> William Walton conducts: Belshazzar's Feast, Cello Concerto [SL]: Classical CD Reviews- Sept 2002 MusicWeb(UK)

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William Walton conducts:-
Belshazzar’s Feast

Donald McIntyre, BBC Chorus, BBC Choral Society, Christ Church Harmonic Choir, BBC Symphony Orchestra. Royal Festival Hall 22 September 1965
Symphony No 1

Royal Philharmonic Orchestra. Edinburgh Festival 23 August 1959
BBC LEGENDS BBCL 4097-2 [77:43]



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William Walton conducts:-
Cello Concerto

Pierre Fournier, Royal Philharmonic Orchestra. Edinburgh Festival 23 August 1959
The Twelve (first performance of orchestral version)
Coronation Te Deum

Ann Dowdall, Shirley Minty, Robert Tear, Michael Wakeham,
London Philharmonic Choir and Orchestra. Westminster Abbey 2 January 1966. Variations on a theme by Hindemith
(first performance)
Royal Philharmonic Orchestra. Royal Festival Hall 8 March 1963
Façade extracts: Tango-pasodoble, Popular Song, Old Sir Faulk, Tarantella-Sevillana
BBC Symphony Orchestra. RAH Prom 20 August 1968
BBC LEGENDS BBCL 4098-2 [79:05]



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Here are two BBC Legends of unquestionable importance. This performance of Belshazzar’s Feast is one to treasure. It has a cumulative excitement that one can only experience in a live performance. The opening is fairly low-key, with perhaps a degree of nervousness and uncertainty among the performers, and the trombones preluding the prophesy from Isaiah more sombrely than dramatically. But things settle down fairly quickly. Donald McIntyre is a splendid baritone (although he hangs on to the semi-quaver of ‘men’ at the end of the ‘shopping list’) and once the feast is underway there is a real sense of drama, the work ending with terrific punch and almost military precision.

Walton delivers an equally tough reading of the Symphony, another masterpiece that like Belshazzar’s Feast never fails to make an impact, marginally faster overall than a Prom performance he gave five days before this Edinburgh Festival one. Then he conducted the LSO instead of the RPO, and if it still exists in the BBC Archives it would probably have been ruled out of selection because of the intrusion of an early ‘Bravo!’ from a member of the audience who clearly did not know how many slammed chords ended the work. In the performance on this CD the composer conducting gives a no-nonsense edge and drive that other conductors can’t quite match, just slightly underplaying the tension in the slow movement which is the emotional heart of the work.

The main items of the second disc, the Cello Concerto and the Hindemith Variations, have been available before: the former was included in Volume 3 of ‘The Art of Pierre Fournier’, Arlecchino ARLA66, and the latter (the work’s première), on Carlton Classics BBC Radio Classics 15656 91782. The Fournier performance was in the same Edinburgh Festival programme as the First Symphony (only the Partita has not been transferred). The Promenade concert from which the Façade extracts come was to have included a new overture (announced as Philharmonic Overture N.Y. ’68 but eventually named Capriccio Burlesco) but, as the announcer said, it was not ready in time so the Johannesburg Festival Overture was played instead. If that was evidence of the compositional difficulties that Walton was having, the Façade extracts show he had lost nothing of his skills as a conductor. Seven pieces were actually played in the concert, with Popular Song encored; here we have just four of them, a CD playing time of 79 minutes not allowing any more to be squeezed on. (Incidentally, the sleeve-note is inaccurate in suggesting that Walton orchestrated numbers from Façade for an interlude in Berners’ The Triumph of Neptune. A good number of British works were used a ‘symphonic interludes’ during Diaghilev’s ballet programmes but they were not composed expressly for that purpose. The first Façade suite more than likely had its premiere in the programme that included The Triumph of Neptune because Walton had helped out Berners by orchestrating four of the numbers.)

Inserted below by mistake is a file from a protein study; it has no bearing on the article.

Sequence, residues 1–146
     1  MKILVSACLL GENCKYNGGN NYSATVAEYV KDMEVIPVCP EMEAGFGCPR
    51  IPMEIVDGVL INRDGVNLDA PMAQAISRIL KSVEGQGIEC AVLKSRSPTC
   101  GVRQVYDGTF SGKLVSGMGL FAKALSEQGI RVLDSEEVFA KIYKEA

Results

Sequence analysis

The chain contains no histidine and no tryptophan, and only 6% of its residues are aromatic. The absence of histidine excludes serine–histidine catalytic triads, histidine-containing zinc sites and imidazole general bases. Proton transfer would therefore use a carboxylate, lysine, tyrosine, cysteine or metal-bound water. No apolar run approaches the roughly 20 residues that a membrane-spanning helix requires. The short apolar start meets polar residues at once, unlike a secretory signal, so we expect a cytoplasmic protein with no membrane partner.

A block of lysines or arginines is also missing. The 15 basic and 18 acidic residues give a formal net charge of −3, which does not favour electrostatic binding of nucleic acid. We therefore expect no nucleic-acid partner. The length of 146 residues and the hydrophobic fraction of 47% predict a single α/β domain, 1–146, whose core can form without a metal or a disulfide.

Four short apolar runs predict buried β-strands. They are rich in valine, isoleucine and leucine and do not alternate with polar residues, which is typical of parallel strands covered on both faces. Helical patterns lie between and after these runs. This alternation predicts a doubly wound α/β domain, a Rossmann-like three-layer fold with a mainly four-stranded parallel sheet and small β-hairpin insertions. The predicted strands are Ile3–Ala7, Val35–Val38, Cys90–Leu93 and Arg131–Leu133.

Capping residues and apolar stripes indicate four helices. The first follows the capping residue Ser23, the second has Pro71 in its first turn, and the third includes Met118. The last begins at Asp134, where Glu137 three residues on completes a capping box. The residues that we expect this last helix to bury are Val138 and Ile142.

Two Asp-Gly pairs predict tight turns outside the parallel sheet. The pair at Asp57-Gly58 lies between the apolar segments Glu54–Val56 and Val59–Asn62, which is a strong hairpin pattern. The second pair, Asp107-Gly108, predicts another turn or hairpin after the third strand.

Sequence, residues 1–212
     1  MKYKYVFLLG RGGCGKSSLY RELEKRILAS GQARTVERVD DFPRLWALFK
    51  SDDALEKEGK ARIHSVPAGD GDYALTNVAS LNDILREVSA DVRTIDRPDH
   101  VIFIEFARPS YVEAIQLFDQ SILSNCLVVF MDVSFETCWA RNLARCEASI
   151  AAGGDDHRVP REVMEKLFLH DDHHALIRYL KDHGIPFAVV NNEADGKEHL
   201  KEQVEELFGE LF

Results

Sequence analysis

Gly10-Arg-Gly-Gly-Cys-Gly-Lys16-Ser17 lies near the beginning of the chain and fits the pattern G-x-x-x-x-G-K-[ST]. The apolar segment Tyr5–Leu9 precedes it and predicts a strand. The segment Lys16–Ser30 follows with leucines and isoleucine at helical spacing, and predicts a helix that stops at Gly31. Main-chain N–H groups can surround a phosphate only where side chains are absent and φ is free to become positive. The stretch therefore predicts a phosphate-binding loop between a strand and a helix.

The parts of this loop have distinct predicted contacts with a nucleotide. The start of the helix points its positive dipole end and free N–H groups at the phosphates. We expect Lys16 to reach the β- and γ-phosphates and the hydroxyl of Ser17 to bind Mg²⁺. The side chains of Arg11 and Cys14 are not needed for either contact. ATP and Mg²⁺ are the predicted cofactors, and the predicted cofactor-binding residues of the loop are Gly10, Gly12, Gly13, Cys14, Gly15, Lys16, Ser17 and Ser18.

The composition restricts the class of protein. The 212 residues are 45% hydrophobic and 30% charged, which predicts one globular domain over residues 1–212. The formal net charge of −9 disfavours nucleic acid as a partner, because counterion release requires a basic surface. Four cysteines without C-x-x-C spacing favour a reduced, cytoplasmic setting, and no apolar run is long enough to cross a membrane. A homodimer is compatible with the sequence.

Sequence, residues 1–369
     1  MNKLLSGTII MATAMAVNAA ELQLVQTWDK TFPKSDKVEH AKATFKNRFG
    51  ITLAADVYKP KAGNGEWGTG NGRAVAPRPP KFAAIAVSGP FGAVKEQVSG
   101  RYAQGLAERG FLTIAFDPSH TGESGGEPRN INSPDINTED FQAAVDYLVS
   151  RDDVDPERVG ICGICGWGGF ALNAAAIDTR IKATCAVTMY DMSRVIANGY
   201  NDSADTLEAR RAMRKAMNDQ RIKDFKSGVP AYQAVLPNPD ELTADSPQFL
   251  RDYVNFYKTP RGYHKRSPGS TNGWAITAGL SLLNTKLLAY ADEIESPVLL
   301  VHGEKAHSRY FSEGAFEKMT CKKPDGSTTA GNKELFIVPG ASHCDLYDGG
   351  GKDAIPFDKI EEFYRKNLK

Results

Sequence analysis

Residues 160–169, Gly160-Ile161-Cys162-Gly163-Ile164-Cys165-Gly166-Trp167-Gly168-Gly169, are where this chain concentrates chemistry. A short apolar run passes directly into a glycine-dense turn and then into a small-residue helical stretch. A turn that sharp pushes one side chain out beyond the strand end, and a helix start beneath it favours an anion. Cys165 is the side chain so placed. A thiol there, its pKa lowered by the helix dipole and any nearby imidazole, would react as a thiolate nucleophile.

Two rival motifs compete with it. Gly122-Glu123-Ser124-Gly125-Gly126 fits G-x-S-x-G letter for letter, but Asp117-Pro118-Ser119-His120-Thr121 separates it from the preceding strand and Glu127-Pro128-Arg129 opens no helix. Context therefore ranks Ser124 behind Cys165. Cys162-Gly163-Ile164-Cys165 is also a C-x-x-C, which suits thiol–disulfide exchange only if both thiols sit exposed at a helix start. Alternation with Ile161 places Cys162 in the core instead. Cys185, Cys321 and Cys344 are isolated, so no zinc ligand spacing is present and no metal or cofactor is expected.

The particular importance of this second CD is that it preserves the composer’s interpretations of works of which he made no commercial recording, apart from the Façade suites. Even then there are elements of wit and sheer fun in the Façade items that are absent from his studio recordings. The beginning of the Cello Concerto will surprise some listeners: with an overall timing of just over 23 minutes Walton sets much faster tempi than either Wallfisch and Thomson on Chandos or Piatigorsky and Sargent at the first London performance (not issued), both performances taking over 30 minutes. Walton’s sharper pacing is evident from the very opening. The Twelve and the Coronation Te Deum both come from a concert shared with Boult to mark the nine-hundredth anniversary of the foundation of Westminster Abbey, this being the first performance of The Twelve in orchestral dressing. These are quite simply CDs that should not be missed.

Stephen Lloyd

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